‘Emma’ Review- A Delightful Dramedy

Emma‘ is a 2020 adaption of Jane Austen’s Regency Era novel of the same name. It is the directorial feature film debut for Autumn de Wilde, a critically-acclaimed photographer and music video director.

Emma Woodhouse (Anya Taylor-Joy) lives alone with her widowed father Mr. Woodhouse (Bill Nighy). She becomes friends with the shy Harriet Smith (Mia Goth), whom Emma becomes obsessed with finding a romantic partner. First, she tries to pair him with the young Vicar Elton (Josh O’Connor), but that ends poorly when he marries the arrogant Augusta (Tanya Reynolds). Emma is constantly warned not to be an interloper by her childhood friend George Knightley (Johnny Flynn), but she ignores his suggestions. One winter dance at neighbor Mr. Weston’s (Rupert Graves) house, Harriet makes the acquaintance of the charming Frank Churchill (Callum Turner). Is love in the air again?

I will admit, my sister is the Jane Austen aficionado in our family. She has read every novel in triplicate as well as accompanying commentary and fiction from other writers inspired by Austen. It is true that I have read Austen as well, including Emma, but more out of an appreciation of her as a classic novelist. As for this particular novel, the British author said of Emma, “I am going to take a heroine whom no one but myself will much like.”

The novel is a comedy of errors that emanate from the class, gender, station, and occupation of all of the characters. Autumn de Wilde does an excellent job of bringing that into the story. The combination of the drama and humor within the plot makes the film very delightful and enjoyable to watch. De Wilde’s work as a photographer was on full display as the scenery was spot on and very beautiful.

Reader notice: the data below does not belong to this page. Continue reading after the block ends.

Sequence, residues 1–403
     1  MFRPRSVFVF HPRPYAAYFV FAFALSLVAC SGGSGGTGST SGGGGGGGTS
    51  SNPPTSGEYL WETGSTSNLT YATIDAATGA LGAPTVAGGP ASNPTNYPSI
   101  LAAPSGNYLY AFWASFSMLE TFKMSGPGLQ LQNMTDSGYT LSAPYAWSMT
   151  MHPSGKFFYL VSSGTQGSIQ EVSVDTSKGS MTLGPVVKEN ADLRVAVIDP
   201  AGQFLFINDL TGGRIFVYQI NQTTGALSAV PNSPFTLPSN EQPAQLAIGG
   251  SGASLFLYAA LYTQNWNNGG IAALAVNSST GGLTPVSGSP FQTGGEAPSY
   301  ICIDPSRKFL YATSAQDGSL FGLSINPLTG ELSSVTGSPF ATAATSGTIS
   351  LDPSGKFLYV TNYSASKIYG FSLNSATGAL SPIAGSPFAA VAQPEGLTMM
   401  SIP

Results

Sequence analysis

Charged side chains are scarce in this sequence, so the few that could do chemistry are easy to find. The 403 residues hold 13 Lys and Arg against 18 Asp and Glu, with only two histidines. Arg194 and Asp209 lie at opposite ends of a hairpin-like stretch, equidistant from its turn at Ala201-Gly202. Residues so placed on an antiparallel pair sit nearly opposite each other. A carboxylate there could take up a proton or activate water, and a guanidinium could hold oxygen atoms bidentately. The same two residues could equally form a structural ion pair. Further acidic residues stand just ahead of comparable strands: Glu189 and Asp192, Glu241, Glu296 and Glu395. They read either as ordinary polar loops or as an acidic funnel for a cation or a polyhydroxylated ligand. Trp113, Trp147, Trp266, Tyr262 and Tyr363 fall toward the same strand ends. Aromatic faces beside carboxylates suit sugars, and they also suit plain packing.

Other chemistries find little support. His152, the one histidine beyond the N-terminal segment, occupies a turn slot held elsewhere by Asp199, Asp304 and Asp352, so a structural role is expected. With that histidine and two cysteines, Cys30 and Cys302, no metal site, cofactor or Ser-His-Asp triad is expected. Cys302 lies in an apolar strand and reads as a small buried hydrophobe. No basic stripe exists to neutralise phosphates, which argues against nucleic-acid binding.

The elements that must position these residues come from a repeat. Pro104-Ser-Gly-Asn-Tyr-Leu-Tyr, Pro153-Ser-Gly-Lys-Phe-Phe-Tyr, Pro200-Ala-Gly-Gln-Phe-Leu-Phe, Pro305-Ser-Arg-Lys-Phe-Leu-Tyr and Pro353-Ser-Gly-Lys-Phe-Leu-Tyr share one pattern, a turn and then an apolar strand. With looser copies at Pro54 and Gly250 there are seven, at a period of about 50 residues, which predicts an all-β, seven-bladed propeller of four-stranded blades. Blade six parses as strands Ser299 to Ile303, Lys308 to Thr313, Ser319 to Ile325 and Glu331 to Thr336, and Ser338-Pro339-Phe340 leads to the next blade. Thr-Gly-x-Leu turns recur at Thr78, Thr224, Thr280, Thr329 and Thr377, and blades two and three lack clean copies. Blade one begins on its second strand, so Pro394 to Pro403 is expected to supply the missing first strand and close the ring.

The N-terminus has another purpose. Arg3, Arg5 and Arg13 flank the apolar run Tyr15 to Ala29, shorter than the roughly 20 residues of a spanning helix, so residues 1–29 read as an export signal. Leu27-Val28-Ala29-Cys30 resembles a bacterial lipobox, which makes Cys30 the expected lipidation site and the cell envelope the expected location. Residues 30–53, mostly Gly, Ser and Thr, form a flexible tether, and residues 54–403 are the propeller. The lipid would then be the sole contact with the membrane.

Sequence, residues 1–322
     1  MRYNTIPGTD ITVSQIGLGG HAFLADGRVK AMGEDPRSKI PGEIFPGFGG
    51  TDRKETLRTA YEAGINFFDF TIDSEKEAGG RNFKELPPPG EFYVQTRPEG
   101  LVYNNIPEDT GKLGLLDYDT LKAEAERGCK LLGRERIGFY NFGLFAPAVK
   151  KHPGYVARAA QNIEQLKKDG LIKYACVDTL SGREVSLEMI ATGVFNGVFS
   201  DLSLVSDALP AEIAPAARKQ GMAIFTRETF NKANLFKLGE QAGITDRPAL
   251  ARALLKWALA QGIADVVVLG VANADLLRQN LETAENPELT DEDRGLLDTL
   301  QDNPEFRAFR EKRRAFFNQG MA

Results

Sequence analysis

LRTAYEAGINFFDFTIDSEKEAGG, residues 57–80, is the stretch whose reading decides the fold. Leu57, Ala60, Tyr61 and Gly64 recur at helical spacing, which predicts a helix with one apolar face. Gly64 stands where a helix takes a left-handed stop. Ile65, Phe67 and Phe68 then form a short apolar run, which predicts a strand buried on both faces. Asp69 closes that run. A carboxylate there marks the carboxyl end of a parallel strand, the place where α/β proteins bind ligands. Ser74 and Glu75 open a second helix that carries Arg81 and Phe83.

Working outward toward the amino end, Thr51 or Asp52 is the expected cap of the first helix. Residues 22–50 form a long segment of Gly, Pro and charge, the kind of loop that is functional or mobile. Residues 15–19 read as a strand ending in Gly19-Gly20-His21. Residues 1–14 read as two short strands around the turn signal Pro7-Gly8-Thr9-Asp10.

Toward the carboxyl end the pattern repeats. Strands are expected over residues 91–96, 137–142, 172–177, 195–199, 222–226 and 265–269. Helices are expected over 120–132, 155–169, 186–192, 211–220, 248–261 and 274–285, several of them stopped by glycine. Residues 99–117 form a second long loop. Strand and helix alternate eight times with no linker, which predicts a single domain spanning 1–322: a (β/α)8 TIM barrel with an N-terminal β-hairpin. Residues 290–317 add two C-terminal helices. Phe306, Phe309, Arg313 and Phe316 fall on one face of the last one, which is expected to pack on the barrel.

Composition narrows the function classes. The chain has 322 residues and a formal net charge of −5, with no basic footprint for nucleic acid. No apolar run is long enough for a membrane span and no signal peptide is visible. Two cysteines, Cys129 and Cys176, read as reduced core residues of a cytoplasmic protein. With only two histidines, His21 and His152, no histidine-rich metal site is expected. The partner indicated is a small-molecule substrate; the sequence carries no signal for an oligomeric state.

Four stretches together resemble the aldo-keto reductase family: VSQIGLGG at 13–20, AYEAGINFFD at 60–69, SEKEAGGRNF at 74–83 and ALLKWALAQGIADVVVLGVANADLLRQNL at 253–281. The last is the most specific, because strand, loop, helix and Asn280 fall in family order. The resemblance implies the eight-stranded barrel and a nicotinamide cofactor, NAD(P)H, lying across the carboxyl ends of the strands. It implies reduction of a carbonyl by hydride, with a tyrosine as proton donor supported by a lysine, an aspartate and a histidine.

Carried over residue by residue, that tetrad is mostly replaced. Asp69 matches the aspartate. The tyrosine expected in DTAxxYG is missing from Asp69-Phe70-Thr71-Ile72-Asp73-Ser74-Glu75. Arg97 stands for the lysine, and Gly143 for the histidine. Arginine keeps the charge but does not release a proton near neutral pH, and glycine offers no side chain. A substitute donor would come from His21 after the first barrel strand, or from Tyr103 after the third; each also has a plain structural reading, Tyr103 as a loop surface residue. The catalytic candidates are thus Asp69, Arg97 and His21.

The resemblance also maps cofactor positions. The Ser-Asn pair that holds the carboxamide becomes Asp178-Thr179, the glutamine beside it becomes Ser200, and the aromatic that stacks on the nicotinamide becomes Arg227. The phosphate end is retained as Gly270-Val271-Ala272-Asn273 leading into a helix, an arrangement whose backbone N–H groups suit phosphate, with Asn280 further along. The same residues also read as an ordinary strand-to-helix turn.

Like any film adaption of a novel, some of the book’s content must be left on the cutting room floor for length or to make it flow in a more cinematic way. It is to be expected. This is my one point of criticism. Because some of the events are summarized or are cut, there a few scenes that felt a bit forced or rushed. Once these scenes end, it goes back on to its steady pace.

As an adaptation, I found it connected well to the novel. They maintain its comedic aspects as well as its sharp-witted commentary on society in the Regency Era. I appreciated that it avoided trying to connect it to the modern-day and just focused on the story as it is. That was refreshing.

Of the performances, they were top-notch from everyone. Anya Taylor-Joy is excellent as Emma and really captured the essence of the character. I also enjoyed Bill Nighy. He was hilarious as Emma’s father and provided much of the film’s excellent one-liners. Of the male actors, he was probably my favorite. I also found Mia Goth is also delightful as her friend Harriet. I appreciate that they kept her shy and meek nature in this movie. One role I found overlooked in a lot of reviews was Miranda Hart as Miss Bates. She was perfect for the role and did a good job.

Bottom line, Emma is a clever dramedy and an excellent adaption of Jane Austen’s novel. There are plenty of hilarious moments and drama that make it enjoyable as a film.

PARENTAL CONCERNS: Some violence, Minor foul language, Thematic elements

FAVORITE QUOTES: Our companions are excessively stupid.

Check out the trailer below:

What do you think? Let me know in the comments below. Tell me if there is a comic book, movie, or novel you would like me to review. While you are at it, check out my movie reviews of The Lost Husband and In Other Words. Don’t forget to like, share, and subscribe for more posts like this one.

You can find me everywhere on social media! Facebook: Author Jacob Airey | Instagram: realjacobairey| Twitter: @realJacobAirey | Parler: RealJacobAirey | YouTube: StudioJake

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